Our thanks this month goes to Violet Bell for permission to reproduce her excellent photograph of the houses along Stone Row in Abermorddu. John Trematick, the late local historian, associated these houses with the local mining industry and, given the importance of the coal industry as a source of local employment, he was probably correct.
The row of houses have been referred to locally as ‘Hayes Row’ and they were probably built by Edwin Hayes who had a building business further down the road by Cefn-y-bedd station. The Wrexham Advertiser of 1st May, 1875 included an announcement of the auction of the whole stock-in-trade and household items of Edwin Hayes on 4th May 1875. Clearly the business was being wound up by then so the houses of Stone Row will pre-date that event.
Unlike the Stone Cottages of Cefn-y-bedd, the houses of Abermorddu’s Stone Row do not appear to be identified by either that name or the name of Hay’s Row in census material and it is difficult to actually identify household occupants and their occupations.
Coal mining was of considerable importance as a means of local employment in bygone times but there is now little physical evidence that this was the case. Our mining heritage is fast disappearing. As Llay Main Colliery operated from 1923 until as late as 1966 there are still a number of local people who worked there. Attempts were made to sink a shaft at Llay Hall as early as 1845 but water ingress made it difficult to do this with any success until 1877. By 1896 this colliery was employing 276 miners and 84 surface workers, but the problem of water ingress, it was finally forced closure to take place in 1947. The first shafts associated with the Gresford Colliery were sunk in 1908 and mining went on there until closure in 1973 on economic grounds. Gresford was, of course, the pit associated with the terrible disaster of 1934 when one of the worst underground explosions in British history claimed the lives of 266 men. The grave of local man Evan Hugh Jones, who died as a result of this tragedy, can be seen in Hope Old Cemetery. As with Llay Main Colliery, there are several residents alive today who have an association with the colliery at Gresford.
However, our mining heritage is more extensive than this: the North Wales Coalfield was a productive vein and was the leading sector of the industrial revolution in the area. A list of collieries operating in 1881 includes ones at Ffrwyd, Gwersyllt, and the Wrexham and Acton one at Rhosddu. Also on the list is one at ‘Hope’, which is also sometimes referred to as Gwern Alyn Colliery. This colliery was located within very close walking distance of the Stone Row cottages.
The exact date of the establishment of a colliery at Hope is unknown. In researching information for his book on ‘The Miners of Llay Mine’ Vic Tyler-Jones actually found evidence of mining at Hope actually going back as early as 1353 when lead and coal mines were rented out for £3 a year.
Another source has produced some details of accidents in Hope Colliery between the years of 1775 and 1776, and although these details are rather vague, we do know that several people
were killed or injured as a result of burning, sulphurous inhalation and blasting accidents. There were no accident books in the early years and one really does wonder about the untold agonies and horrors that miners experienced, especially in an era when child labour was the norm. We are reminded of the grave of 10-year old Owen Jones that can be seen in Pontblyddyn Churchyard. He died as a result of a Leeswood mining accident.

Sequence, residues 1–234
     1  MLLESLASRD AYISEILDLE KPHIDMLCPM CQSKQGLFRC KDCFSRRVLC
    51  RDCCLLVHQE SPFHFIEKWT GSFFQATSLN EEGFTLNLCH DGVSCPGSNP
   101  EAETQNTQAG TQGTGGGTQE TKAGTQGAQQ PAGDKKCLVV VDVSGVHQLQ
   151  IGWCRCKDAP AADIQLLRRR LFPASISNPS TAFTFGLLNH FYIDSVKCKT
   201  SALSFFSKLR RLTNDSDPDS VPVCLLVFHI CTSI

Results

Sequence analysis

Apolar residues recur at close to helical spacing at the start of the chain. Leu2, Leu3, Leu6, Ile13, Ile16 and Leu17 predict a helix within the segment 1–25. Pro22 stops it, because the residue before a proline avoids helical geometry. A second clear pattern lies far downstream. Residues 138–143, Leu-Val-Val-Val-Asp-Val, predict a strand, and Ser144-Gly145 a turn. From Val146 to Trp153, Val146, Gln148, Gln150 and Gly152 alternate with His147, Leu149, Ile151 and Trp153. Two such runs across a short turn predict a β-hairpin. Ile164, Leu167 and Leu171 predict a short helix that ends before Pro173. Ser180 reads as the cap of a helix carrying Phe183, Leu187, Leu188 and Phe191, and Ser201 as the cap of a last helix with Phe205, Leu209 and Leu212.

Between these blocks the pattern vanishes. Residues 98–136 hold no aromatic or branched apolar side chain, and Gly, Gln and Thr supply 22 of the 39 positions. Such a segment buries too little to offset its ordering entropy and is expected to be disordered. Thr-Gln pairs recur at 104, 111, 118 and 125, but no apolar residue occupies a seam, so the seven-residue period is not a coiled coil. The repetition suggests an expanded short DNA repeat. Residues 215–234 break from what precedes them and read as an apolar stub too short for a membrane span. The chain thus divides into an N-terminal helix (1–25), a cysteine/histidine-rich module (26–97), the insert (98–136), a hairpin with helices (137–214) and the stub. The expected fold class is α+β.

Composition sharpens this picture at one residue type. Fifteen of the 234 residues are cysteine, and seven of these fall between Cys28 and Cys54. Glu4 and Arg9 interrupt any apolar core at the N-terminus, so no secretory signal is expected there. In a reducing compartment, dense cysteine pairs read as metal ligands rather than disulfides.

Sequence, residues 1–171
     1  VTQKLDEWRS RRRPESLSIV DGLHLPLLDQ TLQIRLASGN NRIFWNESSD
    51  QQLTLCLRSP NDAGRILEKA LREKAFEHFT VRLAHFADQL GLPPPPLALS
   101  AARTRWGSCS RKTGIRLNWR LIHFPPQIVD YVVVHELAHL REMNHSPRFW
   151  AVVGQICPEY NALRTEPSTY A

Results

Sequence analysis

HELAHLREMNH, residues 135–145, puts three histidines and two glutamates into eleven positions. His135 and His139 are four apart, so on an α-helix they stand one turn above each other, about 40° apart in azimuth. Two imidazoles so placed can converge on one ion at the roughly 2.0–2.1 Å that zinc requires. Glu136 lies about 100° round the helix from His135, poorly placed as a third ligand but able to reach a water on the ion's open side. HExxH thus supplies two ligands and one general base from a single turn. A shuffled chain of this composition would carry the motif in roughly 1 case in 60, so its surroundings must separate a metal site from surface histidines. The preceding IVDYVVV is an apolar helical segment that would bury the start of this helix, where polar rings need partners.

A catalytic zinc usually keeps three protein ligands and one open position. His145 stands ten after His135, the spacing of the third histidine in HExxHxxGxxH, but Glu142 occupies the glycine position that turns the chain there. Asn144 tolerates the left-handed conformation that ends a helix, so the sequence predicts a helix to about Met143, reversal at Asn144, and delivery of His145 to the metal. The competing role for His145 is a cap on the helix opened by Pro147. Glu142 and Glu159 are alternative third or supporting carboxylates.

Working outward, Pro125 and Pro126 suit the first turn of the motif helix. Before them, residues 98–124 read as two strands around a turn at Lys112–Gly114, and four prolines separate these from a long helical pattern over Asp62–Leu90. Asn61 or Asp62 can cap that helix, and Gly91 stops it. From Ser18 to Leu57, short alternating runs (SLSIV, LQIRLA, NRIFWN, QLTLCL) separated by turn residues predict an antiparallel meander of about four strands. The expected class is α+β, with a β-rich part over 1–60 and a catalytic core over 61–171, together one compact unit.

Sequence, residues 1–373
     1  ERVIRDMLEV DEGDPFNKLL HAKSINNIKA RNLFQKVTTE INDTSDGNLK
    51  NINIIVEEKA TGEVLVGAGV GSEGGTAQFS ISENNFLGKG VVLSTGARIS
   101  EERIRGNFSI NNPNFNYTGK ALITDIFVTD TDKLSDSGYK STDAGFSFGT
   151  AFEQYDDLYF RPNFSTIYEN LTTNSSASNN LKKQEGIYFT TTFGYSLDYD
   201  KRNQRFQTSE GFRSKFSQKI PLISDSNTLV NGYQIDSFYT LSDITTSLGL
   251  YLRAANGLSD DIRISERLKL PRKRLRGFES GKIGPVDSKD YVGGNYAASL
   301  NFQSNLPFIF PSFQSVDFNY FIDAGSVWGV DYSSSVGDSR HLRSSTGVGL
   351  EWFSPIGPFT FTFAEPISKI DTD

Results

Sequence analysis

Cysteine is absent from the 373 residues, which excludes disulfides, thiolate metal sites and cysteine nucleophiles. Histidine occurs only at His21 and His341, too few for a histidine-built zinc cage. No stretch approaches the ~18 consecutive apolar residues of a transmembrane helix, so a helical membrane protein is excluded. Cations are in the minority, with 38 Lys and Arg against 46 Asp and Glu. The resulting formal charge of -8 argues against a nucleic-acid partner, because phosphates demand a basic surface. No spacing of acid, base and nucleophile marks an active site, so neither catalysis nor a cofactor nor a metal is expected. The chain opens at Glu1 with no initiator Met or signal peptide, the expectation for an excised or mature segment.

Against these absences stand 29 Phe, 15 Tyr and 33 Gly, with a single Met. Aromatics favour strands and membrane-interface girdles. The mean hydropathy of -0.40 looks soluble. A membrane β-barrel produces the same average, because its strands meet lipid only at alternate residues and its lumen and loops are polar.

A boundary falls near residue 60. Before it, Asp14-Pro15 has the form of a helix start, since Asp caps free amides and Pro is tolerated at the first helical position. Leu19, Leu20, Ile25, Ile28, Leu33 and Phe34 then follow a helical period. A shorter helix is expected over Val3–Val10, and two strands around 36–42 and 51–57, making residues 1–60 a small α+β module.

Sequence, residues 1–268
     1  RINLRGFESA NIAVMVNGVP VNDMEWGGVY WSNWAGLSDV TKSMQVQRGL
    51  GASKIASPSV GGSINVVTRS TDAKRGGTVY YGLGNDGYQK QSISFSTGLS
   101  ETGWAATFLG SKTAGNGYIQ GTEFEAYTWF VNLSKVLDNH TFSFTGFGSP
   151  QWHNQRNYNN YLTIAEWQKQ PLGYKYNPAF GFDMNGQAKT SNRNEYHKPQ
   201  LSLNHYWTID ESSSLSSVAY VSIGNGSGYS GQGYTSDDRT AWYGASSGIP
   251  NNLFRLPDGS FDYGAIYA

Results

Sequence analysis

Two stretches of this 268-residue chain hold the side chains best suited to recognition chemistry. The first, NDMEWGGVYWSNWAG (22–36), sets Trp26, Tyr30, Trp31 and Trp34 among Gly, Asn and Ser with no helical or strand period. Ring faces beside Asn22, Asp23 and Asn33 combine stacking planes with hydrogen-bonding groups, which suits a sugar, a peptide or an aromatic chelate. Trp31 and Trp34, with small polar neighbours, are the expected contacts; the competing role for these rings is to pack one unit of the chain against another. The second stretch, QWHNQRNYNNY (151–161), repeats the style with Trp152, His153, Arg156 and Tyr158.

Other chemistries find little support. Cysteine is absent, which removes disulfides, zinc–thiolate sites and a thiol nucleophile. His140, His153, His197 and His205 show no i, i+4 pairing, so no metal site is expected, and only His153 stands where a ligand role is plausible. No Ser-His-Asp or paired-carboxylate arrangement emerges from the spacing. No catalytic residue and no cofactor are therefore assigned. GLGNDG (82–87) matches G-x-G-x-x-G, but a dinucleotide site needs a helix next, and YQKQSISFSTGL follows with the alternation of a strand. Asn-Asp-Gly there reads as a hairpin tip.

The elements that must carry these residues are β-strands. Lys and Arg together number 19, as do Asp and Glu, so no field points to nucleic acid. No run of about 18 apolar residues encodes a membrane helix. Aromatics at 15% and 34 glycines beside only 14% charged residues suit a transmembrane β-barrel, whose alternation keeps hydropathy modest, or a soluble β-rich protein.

Hope Colliery receives a mention in some of the booklets by John Trematick which are held in the Local Heritage Archive in Hope Community Library. In particular, John mentions a time when another, now deceased local resident, Denis Martin, took him to the derelict winding engine house of Hope Colliery. Hope Colliery closed in 1881 but Denis had worked in the engine house building making fireplaces for Alyn Fireplaces. John noted that the building had a plaque with ‘Lilleshall 1876’ on it. This he said was misleading because Lilleshall bought the business in 1876 but the engine winding house was actually constructed earlier. Denis also showed John were the old mine shaft was. It was fenced off and filled with rubble from the spoil bank. The two men also saw the base of the huge brick pillars which supported the bridge which carried coal wagons from Llay Main colliery to the sidings at Caergwrle. Denis recalled how busy it was with the coming and going of of colliery wagons along the line in his early years. There will be other residents in the locality who have similar memories. Attempts were made by local people to establish a right of way along what was called the Gwern Alyn Footpath where land has been fenced off by private landowners. Unfortunately the claims were dismissed after a public enquiry was held in Caergwrle Presbyterian Schoolroom. It is a pity we have lost a possible footpath that would have enabled us to see part of our industrial and transport heritage.
Thankfully the old winding engine house still stands today tucked away behind On the Tiles in Cefn-y-bedd. It is no longer a derelict building and has been preserved as a family home. Together with the important memories of John Trematick and Denis Martin it is one of the few remaining pieces of evidence of Hope Colliery.
There is a catalogue of items lodged in the Local Heritage Archive which may be seen at Hope Community Library. It is then possible to ask the Librarian or volunteers to see individual files or booklets such as those by John Trematick.
The views expressed in this article are those of the author and do not reflect the policy of Flintshire County Council. Readers are welcome to contact the author with any news or views on the local heritage at DHealey204@aol.com or by telephoning 01978 761 523.